James Casey & His Colon Cancer Diagnosis
- Musician James Casey will not appear on the Trey Anastasio Band Tour due to his recent colon cancer diagnosis; he is urging others especially Black people to screen for this disease.
- Casey was diagnosed after experiencing abdominal pain. He was diagnosed with stage 3 colon cancer, then had surgery, and is also undergoing chemotherapy.
- Screening for colon cancer is done via colonoscopy, which looks for precancerous polyps in the colon.
Casey’s Journey to Diagnosis
Casey was diagnosed after experiencing pain in his abdominal area.
In a post to Twitter, Casey writes to fans, “A little over a month ago, I went to the ER with severe abdominal pain that I thought was appendicitis It turned out to be a large tumor that was blocking my colon. While the emergency surgery was successful (and I'm about 90% recovered from that), the tumor was malignant.”
A little over a month ago, I went to the ER with severe abdominal pain that I thought was appendicitis. It turned out to be a large tumor that was blocking my colon. While the emergency surgery was successful (and I'm about 90% recovered from that), the tumor was malignant.
— James Casey (@JamesCaseySax) September 15, 2021
He continues, “Cancer, stage 3. While the great team at Mt Sinai Beth Israel did a phenomenal job and believe they removed everything, as a precaution, I begin Chemotherapy today.”
Casey also shares why he chose to go public with his diagnosis, writing, “Under normal circumstances (as private as I am) I would have kept this to family and very close friends until it was over. However, I felt I needed to say something publicly for 2 reasons…”
He says, “1) I am entirely too young and healthy to have colon cancer and yet I do. It's the same thing that took Chadwick Boseman and I'm definitely younger than he was. Everyone should get tested, but especially if you are a Black Man.”
Casey continues, “We are 40% more likely to get this particular type of cancerâ€¦so much so that being African American is considered a warning sign for it. If you're 35+ please consider getting checked, and make sure to pay attention to your digestive health.”
He says, “2) I won't be able to do the TAB tour that starts this weekend. I'm extremely disappointed, but my good friend and amazing saxophonist Cheme (@CochemeaG) will be there in my place as I recover. I want to reiterate that the treatment is a preventative measure and the docs believe my prognosis is great. I'm thanking you in advance for your prayers, thoughts, vibes and whatever else you're trying to send to help me get better!”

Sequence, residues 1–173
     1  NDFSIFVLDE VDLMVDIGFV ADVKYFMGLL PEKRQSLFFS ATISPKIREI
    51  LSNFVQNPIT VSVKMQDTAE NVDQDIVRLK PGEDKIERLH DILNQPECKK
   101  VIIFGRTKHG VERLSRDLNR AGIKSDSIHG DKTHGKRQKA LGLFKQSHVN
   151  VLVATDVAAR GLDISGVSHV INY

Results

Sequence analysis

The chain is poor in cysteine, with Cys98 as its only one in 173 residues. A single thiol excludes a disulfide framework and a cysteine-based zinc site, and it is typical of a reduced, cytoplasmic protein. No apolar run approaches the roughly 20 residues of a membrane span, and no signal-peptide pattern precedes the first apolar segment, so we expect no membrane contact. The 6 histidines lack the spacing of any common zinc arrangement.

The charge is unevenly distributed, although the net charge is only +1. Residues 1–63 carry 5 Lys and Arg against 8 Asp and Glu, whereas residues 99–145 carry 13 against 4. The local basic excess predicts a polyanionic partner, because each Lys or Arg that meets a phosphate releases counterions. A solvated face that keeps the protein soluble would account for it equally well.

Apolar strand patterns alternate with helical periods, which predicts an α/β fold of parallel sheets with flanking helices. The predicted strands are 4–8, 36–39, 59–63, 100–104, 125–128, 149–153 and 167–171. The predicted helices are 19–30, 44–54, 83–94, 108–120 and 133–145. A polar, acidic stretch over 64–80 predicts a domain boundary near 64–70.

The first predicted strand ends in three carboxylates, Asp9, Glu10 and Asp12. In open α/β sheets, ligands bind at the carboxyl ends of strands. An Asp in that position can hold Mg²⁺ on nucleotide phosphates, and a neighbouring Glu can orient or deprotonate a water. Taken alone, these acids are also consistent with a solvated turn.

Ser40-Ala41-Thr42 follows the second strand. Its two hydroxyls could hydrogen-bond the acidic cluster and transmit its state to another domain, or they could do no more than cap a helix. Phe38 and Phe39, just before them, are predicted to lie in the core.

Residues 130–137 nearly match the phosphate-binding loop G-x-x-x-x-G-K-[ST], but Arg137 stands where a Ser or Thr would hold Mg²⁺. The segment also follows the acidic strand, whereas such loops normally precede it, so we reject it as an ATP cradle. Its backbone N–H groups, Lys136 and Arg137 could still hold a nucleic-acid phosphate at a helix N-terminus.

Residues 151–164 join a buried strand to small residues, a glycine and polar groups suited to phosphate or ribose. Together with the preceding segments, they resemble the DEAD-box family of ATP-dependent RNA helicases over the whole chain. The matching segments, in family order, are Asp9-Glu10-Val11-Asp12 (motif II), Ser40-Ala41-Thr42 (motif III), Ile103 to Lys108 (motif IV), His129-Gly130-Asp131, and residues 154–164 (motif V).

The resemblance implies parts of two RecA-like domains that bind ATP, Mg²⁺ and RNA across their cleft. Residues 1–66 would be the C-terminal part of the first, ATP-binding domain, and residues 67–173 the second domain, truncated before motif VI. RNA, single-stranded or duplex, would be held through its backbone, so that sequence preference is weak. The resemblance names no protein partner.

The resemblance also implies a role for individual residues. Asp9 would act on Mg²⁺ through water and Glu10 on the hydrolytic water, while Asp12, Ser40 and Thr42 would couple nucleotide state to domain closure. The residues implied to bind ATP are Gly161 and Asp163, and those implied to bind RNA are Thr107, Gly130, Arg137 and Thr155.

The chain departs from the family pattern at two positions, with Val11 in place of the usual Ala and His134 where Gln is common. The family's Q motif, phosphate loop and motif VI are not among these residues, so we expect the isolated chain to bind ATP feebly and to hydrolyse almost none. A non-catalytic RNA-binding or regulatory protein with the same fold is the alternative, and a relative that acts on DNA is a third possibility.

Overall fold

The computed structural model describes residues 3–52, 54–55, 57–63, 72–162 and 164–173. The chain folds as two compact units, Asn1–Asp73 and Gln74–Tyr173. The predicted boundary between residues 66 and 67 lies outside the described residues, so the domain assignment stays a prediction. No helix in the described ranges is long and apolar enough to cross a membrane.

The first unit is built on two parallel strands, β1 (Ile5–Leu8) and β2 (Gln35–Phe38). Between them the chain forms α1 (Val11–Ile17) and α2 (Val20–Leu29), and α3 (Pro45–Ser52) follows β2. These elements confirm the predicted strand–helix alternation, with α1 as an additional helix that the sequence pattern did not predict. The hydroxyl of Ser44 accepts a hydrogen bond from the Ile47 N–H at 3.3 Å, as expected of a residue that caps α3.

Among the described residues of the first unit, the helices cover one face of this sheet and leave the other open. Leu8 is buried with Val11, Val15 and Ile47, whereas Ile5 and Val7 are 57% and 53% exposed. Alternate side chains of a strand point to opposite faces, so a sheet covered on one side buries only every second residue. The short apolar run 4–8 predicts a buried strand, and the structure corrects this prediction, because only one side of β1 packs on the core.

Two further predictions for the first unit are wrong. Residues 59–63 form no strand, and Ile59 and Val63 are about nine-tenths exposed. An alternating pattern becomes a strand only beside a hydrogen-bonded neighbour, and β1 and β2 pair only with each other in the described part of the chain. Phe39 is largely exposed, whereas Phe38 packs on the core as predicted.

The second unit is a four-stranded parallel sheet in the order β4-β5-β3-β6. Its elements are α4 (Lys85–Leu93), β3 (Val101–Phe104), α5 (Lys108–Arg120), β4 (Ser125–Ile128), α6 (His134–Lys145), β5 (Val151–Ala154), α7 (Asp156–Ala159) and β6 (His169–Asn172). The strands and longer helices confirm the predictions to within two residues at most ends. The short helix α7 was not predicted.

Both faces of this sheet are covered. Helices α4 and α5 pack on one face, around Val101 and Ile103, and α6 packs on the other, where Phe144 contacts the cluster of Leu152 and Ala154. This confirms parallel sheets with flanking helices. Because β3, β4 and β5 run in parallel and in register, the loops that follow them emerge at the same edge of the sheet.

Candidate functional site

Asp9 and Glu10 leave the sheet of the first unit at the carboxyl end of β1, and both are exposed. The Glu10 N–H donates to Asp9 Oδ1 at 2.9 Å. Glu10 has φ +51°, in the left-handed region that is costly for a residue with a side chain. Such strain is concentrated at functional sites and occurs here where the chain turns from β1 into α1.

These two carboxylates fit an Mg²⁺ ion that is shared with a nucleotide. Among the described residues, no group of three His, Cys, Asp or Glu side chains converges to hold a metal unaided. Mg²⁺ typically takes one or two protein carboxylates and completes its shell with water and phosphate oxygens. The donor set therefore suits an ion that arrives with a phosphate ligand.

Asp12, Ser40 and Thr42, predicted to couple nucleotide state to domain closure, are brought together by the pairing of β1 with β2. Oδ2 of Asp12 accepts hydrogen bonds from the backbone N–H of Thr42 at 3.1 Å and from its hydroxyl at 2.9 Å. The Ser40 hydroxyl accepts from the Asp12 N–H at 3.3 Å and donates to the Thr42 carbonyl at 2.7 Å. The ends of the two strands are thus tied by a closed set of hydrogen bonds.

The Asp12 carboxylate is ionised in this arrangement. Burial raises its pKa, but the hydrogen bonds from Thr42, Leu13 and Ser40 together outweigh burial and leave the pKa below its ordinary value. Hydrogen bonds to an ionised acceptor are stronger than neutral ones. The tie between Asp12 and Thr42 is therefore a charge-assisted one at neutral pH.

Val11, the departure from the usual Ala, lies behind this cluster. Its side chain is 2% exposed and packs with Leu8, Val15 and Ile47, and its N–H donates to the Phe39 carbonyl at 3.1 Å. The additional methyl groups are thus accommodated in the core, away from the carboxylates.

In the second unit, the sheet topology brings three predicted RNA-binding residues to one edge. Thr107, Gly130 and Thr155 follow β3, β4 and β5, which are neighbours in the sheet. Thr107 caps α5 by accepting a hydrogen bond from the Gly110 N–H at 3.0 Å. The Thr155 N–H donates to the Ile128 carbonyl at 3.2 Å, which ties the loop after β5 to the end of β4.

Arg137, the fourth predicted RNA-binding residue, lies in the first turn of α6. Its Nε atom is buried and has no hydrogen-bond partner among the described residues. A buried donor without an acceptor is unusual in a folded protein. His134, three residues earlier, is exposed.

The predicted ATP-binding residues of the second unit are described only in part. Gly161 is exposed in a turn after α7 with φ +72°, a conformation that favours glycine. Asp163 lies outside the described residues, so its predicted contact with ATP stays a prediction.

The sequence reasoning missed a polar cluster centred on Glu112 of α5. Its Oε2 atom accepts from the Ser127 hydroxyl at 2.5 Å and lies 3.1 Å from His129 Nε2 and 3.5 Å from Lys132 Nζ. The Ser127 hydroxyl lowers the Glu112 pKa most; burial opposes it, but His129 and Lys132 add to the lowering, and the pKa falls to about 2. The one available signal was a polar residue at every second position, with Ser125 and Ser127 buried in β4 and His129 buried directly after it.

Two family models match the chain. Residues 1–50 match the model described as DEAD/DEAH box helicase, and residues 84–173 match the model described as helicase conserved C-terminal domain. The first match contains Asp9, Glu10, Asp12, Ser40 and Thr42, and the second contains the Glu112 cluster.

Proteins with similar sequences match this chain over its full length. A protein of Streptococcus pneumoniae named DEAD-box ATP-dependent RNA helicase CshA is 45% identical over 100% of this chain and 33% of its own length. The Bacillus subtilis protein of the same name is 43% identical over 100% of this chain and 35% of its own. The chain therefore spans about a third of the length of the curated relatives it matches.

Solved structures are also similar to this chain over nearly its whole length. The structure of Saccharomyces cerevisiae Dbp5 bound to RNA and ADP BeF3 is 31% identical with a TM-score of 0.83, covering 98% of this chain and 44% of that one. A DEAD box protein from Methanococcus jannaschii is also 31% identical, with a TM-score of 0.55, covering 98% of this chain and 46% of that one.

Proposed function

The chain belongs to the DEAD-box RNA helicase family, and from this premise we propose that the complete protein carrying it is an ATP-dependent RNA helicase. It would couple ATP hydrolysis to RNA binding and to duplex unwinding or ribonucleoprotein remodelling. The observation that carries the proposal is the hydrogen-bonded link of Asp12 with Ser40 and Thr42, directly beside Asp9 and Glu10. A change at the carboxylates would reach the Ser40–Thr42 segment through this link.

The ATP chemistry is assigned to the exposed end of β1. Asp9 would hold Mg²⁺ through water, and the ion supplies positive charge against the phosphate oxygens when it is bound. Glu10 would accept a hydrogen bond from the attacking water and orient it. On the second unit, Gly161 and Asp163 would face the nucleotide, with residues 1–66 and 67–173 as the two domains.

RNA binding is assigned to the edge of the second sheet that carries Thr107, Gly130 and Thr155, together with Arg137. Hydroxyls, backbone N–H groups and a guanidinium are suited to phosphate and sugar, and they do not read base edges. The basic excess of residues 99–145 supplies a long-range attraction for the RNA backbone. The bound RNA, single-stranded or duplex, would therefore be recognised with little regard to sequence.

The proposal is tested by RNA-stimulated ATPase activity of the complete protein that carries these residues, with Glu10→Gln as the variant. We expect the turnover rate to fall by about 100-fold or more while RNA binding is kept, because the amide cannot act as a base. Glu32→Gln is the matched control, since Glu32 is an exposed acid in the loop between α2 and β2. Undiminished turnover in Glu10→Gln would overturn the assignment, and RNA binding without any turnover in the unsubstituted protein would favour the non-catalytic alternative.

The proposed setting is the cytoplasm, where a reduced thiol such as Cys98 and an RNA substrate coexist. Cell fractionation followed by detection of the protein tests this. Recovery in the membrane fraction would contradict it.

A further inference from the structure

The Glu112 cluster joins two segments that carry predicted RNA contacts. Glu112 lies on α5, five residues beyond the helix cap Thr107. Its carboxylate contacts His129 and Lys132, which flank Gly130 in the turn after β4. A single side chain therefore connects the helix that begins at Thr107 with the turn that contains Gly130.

Preventative Cancer Treatments
Like Casey, some people may opt for additional treatments like preventative chemotherapy even after the successful treatment of the cancer with surgery. The goal is to prevent the cancer from returning.
Dr. Paul Oberstein, chief of gastrointestinal oncology at NYU’s Perlmutter Cancer Center, says most Stage 3 colon cancer patients have 1-2 chemotherapy drugs administered for about 3-6 months following surgery. The drugs are given on a cycle of about every 2-3 weeks. “Once a person completes that chemotherapy, we expect that they’re done,” Dr. Oberstein says. After chemotherapy, the patient will undergo surveillance to monitor for signs that the cancer has returned.
For a variety of reasons, some people may choose to go a step further, beyond the required treatment. For instance, if someone has a family history of breast cancer, they may opt to have a preventative mastectomy to severely lower their risk of developing the disease as well.
Quite famously, Angelina Jolie had a risk-reducing breast surgery because her mom passed from cancer and Jolie’s genetic makeup put her at a higher risk for developing the disease, too.
Screening for Colon Cancer
Colon cancer is screened for via colonoscopy which looks for polyps small white, potentially precancerous growths in the colon. The presence of polyps can lead to cancer.
While experts don't currently know exactly what causes colon cancer, they do point to certain risk factors. Risk factors for this disease may include one's diet, smoking tobacco, and drinking alcohol. Having a family history of colorectal cancer can also increase the risk.
People with an average risk of developing colon cancer meaning, no history of colon cancer in the family and no history of Lynch syndrome (an inherited syndrome that increases your colon cancer risk) should begin getting colonoscopies at age 45. People with a family history of colon cancer should begin screening before 45.